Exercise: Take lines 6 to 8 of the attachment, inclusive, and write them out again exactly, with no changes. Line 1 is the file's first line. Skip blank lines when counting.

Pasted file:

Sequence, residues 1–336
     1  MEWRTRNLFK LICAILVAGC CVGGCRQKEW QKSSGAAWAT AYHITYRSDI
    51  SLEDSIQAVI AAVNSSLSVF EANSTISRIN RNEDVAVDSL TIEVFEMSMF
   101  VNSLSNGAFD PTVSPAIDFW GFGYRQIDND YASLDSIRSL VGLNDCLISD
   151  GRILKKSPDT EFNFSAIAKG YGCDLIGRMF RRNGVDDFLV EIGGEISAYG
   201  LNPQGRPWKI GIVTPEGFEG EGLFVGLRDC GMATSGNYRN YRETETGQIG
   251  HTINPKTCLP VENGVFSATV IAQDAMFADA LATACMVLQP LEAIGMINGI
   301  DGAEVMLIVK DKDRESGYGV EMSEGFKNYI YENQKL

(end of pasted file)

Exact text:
   201  LNPQGRPWKI GIVTPEGFEG EGLFVGLRDC GMATSGNYRN YRETETGQIG
   251  HTINPKTCLP VENGVFSATV IAQDAMFADA LATACMVLQP LEAIGMINGI
   301  DGAEVMLIVK DKDRESGYGV EMSEGFKNYI YENQKL